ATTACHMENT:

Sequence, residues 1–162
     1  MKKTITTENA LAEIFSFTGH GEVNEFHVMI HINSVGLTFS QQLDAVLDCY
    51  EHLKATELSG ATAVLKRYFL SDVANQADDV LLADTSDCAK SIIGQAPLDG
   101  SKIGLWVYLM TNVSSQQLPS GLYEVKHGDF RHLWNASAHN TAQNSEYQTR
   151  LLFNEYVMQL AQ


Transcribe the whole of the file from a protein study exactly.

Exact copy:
Sequence, residues 1–162
     1  MKKTITTENA LAEIFSFTGH GEVNEFHVMI HINSVGLTFS QQLDAVLDCY
    51  EHLKATELSG ATAVLKRYFL SDVANQADDV LLADTSDCAK SIIGQAPLDG
   101  SKIGLWVYLM TNVSSQQLPS GLYEVKHGDF RHLWNASAHN TAQNSEYQTR
   151  LLFNEYVMQL AQ